# The American Practical Navigator/Chapter 24

# CHAPTER 24 THE SAILINGS[edit]

## Contents

- 1 CHAPTER 24 THE SAILINGS
- 1.1 INTRODUCTION
- 1.2 GREAT CIRCLE SAILING
- 1.2.1 2404. Great Circle Sailing by Chart
- 1.2.2 2405. Great Circle Sailing by Sight Reduction Tables
- 1.2.3 2406. Great Circle Sailing by Computation
- 1.2.4 2407. Points Along the Great Circle
- 1.2.5 2408. Finding the Vertex
- 1.2.6 2409. Altering a Great Circle Track to Avoid Obstructions
- 1.2.7 2410. Composite Sailing

- 1.3 TRAVERSE TABLES

## INTRODUCTION[edit]

### 2400. Introduction[edit]

Dead reckoning involves the determination of one’s present or future position by projecting the ship’s course and distance run from a known position. A closely related problem is that of finding the course and distance from one known point to another. For short distances, these problems are easily solved directly on charts, but for trans-oceanic distances, a purely mathematical solution is often a better method. Collectively, these methods are called **The Sailings**.

Navigational computer programs and calculators commonly contain algorithms for computing all of the problems of the sailings. For those situations when a calculator is not available, this chapter discusses hand calculation methods and tabular solutions. Navigators can also refer to NIMA *Pub. 151, Distances Between Ports*, for distances along normal ocean routes.

Because most commonly used formulas for the sailings are based on rules of spherical trigonometry and assume a perfectly spherical Earth, there may be inherent errors in the calculated answers. Errors of a few miles over distances of a few thousand can be expected. These will generally be much less than errors due to currents, steering error, and leeway.

To increase the accuracy of these calculations, one would have to take into account the oblateness of the Earth. Formulas exist which account for oblateness, reducing these errors to less than the length of the typical vessel using them, but far larger errors can be expected on any voyage of more than a few days' duration.

### 2401. Rhumb Lines and Great Circles[edit]

The principal advantage of a rhumb line is that it maintains constant true direction. A ship following the rhumb line between two places does not change its true course. A rhumb line makes the same angle with all meridians it crosses and appears as a straight line on a Mercator chart. For any other case, the difference between the rhumb line and the great circle connecting two points increases (1) as the latitude increases, (2) as the difference of latitude between the two points decreases, and (3) as the difference of longitude increases.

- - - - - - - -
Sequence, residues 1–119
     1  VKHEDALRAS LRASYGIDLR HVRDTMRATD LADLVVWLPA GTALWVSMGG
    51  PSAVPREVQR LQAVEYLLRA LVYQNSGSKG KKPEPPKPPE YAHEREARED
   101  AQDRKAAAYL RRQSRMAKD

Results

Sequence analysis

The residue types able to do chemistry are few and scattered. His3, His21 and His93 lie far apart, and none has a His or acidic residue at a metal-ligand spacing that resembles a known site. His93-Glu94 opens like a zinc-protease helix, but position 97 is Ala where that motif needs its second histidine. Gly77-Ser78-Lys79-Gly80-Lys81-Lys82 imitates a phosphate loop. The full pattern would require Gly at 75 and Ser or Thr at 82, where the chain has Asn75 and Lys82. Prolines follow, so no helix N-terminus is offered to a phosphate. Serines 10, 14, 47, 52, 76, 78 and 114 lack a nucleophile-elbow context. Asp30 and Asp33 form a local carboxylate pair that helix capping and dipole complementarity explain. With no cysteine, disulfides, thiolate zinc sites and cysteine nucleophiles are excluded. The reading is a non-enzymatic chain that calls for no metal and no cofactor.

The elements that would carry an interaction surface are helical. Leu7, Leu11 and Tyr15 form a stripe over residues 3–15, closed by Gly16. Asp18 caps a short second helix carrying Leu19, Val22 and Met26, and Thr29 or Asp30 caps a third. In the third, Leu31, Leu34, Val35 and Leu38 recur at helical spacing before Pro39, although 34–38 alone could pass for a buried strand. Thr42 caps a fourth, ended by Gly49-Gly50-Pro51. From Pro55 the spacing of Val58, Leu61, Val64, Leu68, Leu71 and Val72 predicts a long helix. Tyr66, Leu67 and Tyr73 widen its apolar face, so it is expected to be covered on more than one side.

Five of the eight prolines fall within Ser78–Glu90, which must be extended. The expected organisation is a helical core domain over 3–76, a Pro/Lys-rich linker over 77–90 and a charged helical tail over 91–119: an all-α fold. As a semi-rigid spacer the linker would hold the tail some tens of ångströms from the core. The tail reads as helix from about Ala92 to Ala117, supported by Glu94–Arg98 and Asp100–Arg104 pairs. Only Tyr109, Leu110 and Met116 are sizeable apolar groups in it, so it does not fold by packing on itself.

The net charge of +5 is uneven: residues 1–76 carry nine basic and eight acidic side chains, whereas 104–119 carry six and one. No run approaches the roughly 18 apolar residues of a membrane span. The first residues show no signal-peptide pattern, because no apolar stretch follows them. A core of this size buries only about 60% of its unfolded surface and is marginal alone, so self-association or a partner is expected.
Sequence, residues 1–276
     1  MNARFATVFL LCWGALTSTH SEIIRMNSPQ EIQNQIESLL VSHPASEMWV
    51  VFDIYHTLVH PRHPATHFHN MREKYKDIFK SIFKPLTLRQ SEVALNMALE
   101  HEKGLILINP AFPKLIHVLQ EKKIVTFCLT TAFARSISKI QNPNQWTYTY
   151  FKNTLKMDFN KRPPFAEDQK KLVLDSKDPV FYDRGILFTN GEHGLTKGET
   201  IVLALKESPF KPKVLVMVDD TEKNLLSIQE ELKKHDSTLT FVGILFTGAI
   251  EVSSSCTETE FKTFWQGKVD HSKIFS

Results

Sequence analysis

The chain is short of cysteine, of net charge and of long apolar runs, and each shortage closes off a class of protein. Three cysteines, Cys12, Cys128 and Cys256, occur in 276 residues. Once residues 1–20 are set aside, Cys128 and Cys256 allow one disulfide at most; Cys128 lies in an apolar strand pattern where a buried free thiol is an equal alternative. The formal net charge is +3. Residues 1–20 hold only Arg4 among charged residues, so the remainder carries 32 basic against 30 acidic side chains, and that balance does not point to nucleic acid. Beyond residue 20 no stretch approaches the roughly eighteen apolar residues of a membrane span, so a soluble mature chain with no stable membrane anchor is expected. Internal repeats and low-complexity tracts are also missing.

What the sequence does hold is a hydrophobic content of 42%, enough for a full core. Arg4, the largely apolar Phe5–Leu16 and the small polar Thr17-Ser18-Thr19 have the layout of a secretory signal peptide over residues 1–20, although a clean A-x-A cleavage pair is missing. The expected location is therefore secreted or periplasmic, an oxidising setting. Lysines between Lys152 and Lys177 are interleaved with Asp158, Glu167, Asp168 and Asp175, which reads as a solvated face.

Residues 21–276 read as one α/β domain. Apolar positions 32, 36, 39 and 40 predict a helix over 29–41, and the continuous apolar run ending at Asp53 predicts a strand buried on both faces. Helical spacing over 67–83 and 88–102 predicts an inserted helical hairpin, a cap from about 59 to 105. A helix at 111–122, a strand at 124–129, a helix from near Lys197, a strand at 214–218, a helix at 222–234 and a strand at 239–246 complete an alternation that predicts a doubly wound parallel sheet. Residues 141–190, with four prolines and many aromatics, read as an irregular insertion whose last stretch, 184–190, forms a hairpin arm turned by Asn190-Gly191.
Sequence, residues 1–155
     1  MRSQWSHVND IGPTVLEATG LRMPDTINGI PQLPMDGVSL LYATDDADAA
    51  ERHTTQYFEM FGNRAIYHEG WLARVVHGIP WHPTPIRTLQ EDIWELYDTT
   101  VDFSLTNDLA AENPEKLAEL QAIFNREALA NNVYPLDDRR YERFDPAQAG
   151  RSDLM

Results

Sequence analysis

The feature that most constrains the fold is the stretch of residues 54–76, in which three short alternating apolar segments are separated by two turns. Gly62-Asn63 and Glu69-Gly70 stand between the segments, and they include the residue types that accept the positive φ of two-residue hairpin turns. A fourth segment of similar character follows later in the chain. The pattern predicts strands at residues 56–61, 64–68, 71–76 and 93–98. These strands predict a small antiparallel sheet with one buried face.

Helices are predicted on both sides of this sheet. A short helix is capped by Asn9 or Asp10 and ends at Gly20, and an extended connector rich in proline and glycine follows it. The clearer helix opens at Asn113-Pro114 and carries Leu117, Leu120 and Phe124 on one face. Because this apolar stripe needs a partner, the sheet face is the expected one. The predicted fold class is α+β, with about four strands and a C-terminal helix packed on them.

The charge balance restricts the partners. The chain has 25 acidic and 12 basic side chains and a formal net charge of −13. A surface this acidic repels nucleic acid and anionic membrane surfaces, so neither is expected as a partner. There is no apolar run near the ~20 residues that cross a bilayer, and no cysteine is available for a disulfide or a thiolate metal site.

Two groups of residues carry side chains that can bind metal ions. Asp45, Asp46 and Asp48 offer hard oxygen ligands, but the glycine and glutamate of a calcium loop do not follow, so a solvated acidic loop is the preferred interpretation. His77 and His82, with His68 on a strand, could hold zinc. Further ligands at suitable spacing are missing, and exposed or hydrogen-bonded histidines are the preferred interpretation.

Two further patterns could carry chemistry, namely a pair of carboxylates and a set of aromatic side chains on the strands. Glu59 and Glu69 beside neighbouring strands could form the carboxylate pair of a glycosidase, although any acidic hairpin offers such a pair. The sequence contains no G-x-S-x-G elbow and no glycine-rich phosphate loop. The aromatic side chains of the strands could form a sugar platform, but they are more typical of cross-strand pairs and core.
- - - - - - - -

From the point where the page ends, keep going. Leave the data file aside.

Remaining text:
A great circle is the intersection of the surface of a sphere and a plane passing through the center of the sphere. It is the largest circle that can be drawn on the surface of the sphere, and is the shortest distance along the surface between any two points. Any two points are connected by only one great circle unless the points are **antipodal** (180° apart on the Earth), and then an infinite number of great circles passes through them. Every great circle bisects every other great circle. Thus, except for the equator, every great circle lies exactly half in the Northern Hemisphere and half in the Southern Hemisphere. Any two points 180° apart on a great circle have the same latitude numerically, but contrary names, and are 180° apart in longitude. The point of greatest latitude is called the **vertex**. For each great circle, there is a vertex in each hemisphere, 180° apart in longitude. At these points the great circle is tangent to a parallel of latitude, and its direction is due east-west. On each side of these vertices, the direction changes progressively until the intersection with the equator is reached, 90° in longitude away, where the great circle crosses the equator at an angle equal to the latitude of the vertex.

On a Mercator chart, a great circle appears as a sine curve extending equal distances each side of the equator. The rhumb line connecting any two points of the great circle on the same side of the equator is a chord of the curve. Along any intersecting meridian the great circle crosses at a higher latitude than the rhumb line. If the two points are on opposite sides of the equator, the direction of curvature of the great circle relative to the rhumb line changes at the equator. The rhumb line and great circle may intersect each other, and if the points are equal distances on each side of the equator, the intersection takes place at the equator.